The inaugural running of Ultra Trail Wales. There’s something special about the first version of anything in life. The courage of the people behind it, in this case the Race Directors. The intrepid explorers, not afraid to take on the unknown, choosing to take this path instead of those already tried and tested…. the runners. It’s new, a total guess as to what will happen and how the day will play out. Now, as with life there are controls. The experience of the crew putting on the race, the marshals and volunteers, a long with CV’s of the runners taking on the challenge. But still, despite all the planning and countless hours of perseverance to make this a reality, you just don’t know until the last person crosses the finish line.
After leaving pre dawn on the drive up to Dolgellau, I turned up in some pretty short running shorts, only to find it was 10 degrees lower than Milton Keynes. August, in Wales, always… refreshing. The plan had been for me to get some shots of registration (above) and run part of the course, getting a feel for what was on offer to those running on the Saturday. However, nature had other plans, with hail and rain storms, lightening, thunder and flash flooding in the areas of the county. With the prospect of a further wet day shooting, I decided it would make more sense to hideaway in race HQ.
After an epic Sandra supper, I laid out my sleeping bag under the registration table and waited for the first emergency registration to kick off at 4AM.
The lights went on and to those in the rooms amusement, they’d completely forgotten about my 5* accommodation. I hastily got dressed and started to bide my time, eating breakfast and watching nervous runners get their numbers, timing bands, goody bags and maps. As the early hour began to pass, I laced up and headed out into a pitch black town centre. My plan was to run up to the ridge to capture runners after the first climb, before descending to HQ for a refresh. If the weather was good, I’d push on further. Time was on my side. As darkness began to lift, reality set in. Clagg was coating the mountains, the visibility was low and the chances of getting shots that represented the beauty of the mountain side flanking Cadair Idris looked bleak. I stood just below the cloud line, wind increasing in ferocity, air temperature ice cold, scrambling for gloves as I removed the camera from my bag. Shouts of the first runners rang out from our vantage point and then nature erupted. Shards of light tore through clouds, the land surrounding us was bathed in a golden blanket, while neighbouring valleys lit up. Rain would eventually set in, feet already waterlogged.
Double rainbows formed on the side of Cadair, spirits lifted, runners welcomed the first signs of human life since leaving the start. I ran around the ridgeline, following runners, discovering new locations and doing my best to find unique perspectives. Yet, as soon as the action started, it was over. The sweeper, Ieuan, had passed me and the mountain once again was isolated. Packing my cameras, I enjoyed the run down, completely going off course, now that the markers had been removed. I slipped, I fell, I laughed. Eventually making my way back onto the footpath, I soon hit the road and bound down to event HQ. Soaked to the skin, euphoric after the show my eyes had just witnessed.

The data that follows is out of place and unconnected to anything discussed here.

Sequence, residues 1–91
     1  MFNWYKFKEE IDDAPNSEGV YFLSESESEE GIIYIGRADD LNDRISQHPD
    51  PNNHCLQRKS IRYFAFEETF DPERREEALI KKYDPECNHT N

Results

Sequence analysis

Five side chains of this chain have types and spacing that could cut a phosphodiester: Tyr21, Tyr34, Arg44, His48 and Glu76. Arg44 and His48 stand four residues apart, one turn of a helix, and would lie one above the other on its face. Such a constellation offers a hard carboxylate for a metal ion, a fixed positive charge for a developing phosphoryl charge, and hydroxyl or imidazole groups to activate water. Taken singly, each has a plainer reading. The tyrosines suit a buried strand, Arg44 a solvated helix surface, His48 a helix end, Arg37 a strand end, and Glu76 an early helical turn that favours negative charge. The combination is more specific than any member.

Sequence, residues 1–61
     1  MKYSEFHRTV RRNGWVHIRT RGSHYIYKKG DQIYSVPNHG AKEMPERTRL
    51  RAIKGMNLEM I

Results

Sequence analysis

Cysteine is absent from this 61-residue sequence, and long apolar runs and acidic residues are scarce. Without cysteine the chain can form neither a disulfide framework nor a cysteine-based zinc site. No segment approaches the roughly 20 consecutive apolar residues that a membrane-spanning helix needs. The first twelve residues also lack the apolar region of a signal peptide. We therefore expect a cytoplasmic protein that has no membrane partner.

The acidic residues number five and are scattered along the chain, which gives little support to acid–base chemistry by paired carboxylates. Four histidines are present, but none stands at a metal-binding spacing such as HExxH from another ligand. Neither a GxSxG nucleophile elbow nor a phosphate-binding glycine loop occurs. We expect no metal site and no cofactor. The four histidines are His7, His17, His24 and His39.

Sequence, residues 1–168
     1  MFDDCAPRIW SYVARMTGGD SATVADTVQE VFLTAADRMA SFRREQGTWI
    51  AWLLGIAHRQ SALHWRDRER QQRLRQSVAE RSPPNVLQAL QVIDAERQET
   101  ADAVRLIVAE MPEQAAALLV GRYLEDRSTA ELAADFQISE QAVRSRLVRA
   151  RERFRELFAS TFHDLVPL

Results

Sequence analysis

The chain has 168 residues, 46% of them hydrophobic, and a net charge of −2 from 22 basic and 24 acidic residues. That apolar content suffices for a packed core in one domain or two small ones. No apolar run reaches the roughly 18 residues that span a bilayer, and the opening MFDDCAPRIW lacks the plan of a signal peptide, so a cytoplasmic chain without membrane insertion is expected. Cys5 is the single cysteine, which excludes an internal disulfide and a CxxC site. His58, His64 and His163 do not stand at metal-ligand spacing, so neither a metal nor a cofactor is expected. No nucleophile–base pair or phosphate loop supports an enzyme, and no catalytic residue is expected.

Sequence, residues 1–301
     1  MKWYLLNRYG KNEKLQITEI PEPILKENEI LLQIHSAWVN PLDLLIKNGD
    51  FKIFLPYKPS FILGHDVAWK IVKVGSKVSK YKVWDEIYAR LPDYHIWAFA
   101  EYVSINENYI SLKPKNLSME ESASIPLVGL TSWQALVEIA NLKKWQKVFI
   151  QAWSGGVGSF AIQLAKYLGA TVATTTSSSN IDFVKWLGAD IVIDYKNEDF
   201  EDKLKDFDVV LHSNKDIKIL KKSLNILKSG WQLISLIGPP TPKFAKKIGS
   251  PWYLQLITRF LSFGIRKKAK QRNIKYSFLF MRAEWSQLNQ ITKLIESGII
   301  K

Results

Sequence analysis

Change, download, backup, edit a quick show reel, eat.
I’ve never been to war, but I imagine (take this loosely, especially if you have served) race photography is a little like a battle. The vast majority of your time is spent waiting, preparing kit, getting into location. Time spent squeezing the trigger, or in this case, the shutter button, is minimal.
Able to follow the race’s progression via the live timing system, I waited into the afternoon before driving to find a parking location a couple miles short of my next zone. Running to the Precipice Walk, the ground was much firmer then the mornings marshy bog, the air temperature high and the sun relentless. On reaching the Precipice Walk, I ran the entire trail before waiting at the Coed Y Brenin end, for race leader Charlie. This gave me a lot of time to think, look at potential framing locations and also to wonder why I left my book at HQ. My phone battery was low, the trail a meter wide and the views stunning. A combination of listening into the race radio and singing (good luck getting me to sing in your company) aided passing the time before Charlie appeared into sight. At this point, you have to take into account the field is split up and the gaps between the majority of runners will be increasing. A few seconds of Charlie’s presence and boom, nothing more. I walked and ran up and down the trail, utilising my telephoto lens (Canon’s 70-200L USM IS II – Can’t say enough good things about it) to keep an eye on any movement I detected in the distance.
With time, more and more runners crossed my path, relieved that the end was almost upon them. This the final climb of the day. 5 hours on the ridge was enough and I ran between timing points with one runner, as he told me about the local area and how his training had gone. Back in the car (realised there was no need for it) I drove back to HQ for more of the same.
Download. Back up. Edit. Eat. Chat with finishers.
The inaugural Ultra Trail Wales was a stunning event. Matt and Ashley, the Race Directors, using their experience from such races as Trail Marathon Wales (my race report), Gold Rush and events like the Ultra Weekend (recap), carried it off with no dramas. The experienced team of volunteers and marshals, many of which have run these races, aided every runner and kept spirits high.
Heres’s a vlog I shot on the day, GoPro mounted to my camera to show a little of what goes on behind the scenes.
Thank you to Matt and Ashely for the invite, I hope to see you back for the 2nd edition in 2019.